Sadly, it seems as though many of the measures employed by the local government are merely window dressing that do little to address the root causes of these problems. For example Phuket Provincial Police commander Maj Gen Teeraphol Thipjaroen recently assured Ma Cuihong, the Deputy Consul-General of the Chinese Consulate-General in Songkhla, that Chinese-language advertising boards, warning signs, guide books were being put in place across the island and that stricter control measures on vehicle rentals have been put in place.
While a necessary measure in any program aimed at reducing tourists deaths and injuries, such warning signs put the onus back on to the tourists and do nothing to improve the general safety standards in the tourism industry. Readers will no doubt remember that there are still no lifeguards stationed on many of the island’s most popular beaches – a situation the government seems unable or unwilling to address.
This fact is surely a major threat to the safety of tourists as we come into the monsoon season of rough seas and the inevitable increase in drowning deaths that accompanies it. Putting up a few more warning sign will have much less effect than, say, ensuring that beaches are patrolled by lifeguards.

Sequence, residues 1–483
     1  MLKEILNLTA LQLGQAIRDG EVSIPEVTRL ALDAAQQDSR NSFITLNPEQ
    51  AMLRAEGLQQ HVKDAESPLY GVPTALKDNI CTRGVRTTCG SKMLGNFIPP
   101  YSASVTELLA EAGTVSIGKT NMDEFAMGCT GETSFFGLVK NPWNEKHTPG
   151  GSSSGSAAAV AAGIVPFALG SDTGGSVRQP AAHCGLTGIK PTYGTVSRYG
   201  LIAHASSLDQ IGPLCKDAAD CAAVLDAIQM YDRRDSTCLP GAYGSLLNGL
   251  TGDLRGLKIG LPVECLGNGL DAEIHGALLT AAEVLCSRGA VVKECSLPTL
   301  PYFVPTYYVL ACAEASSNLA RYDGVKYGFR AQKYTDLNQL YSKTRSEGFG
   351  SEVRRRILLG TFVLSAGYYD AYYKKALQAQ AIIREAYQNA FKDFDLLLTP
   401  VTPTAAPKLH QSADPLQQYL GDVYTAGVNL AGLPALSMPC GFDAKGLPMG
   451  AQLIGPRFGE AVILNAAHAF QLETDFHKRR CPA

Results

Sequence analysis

The Dutch Ambassador to Thailand Kees Pieter Rade last Thursday (June 7) met with Phuket Vice Governor Thawornwat Kongkaew to raise his concerns about road safety in Phuket. The vice governor assured him that police are strictly enforcing penalties on tourists who do not have a valid license to ride their hired motorbike.
He also said that rental companies would be under scrutiny for renting bikes to unlicensed tourists. Again, even if they were actively enforced (which is somewhat doubtful) the actions avoid addressing the root causes poor road safety.
It’s time for the government to stop window dressing these serious issues and begin to create effective policies that target their systemic causes. Sure, it is much more difficult to do this, but with greater effort comes greater reward.